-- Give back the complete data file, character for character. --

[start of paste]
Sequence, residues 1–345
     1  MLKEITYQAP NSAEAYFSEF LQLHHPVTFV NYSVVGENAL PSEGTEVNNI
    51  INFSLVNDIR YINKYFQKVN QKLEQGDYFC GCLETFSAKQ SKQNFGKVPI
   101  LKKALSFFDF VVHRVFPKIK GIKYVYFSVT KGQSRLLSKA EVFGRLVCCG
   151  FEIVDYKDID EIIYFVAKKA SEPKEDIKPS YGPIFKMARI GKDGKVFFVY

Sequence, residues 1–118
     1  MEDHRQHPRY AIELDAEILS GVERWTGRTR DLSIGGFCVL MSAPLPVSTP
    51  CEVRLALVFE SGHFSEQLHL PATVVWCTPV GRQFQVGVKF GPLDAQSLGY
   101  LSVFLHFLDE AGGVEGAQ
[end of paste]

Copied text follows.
Sequence, residues 1–345
     1  MLKEITYQAP NSAEAYFSEF LQLHHPVTFV NYSVVGENAL PSEGTEVNNI
    51  INFSLVNDIR YINKYFQKVN QKLEQGDYFC GCLETFSAKQ SKQNFGKVPI
   101  LKKALSFFDF VVHRVFPKIK GIKYVYFSVT KGQSRLLSKA EVFGRLVCCG
   151  FEIVDYKDID EIIYFVAKKA SEPKEDIKPS YGPIFKMARI GKDGKVFFVY

Sequence, residues 1–118
     1  MEDHRQHPRY AIELDAEILS GVERWTGRTR DLSIGGFCVL MSAPLPVSTP
    51  CEVRLALVFE SGHFSEQLHL PATVVWCTPV GRQFQVGVKF GPLDAQSLGY
   101  LSVFLHFLDE AGGVEGAQ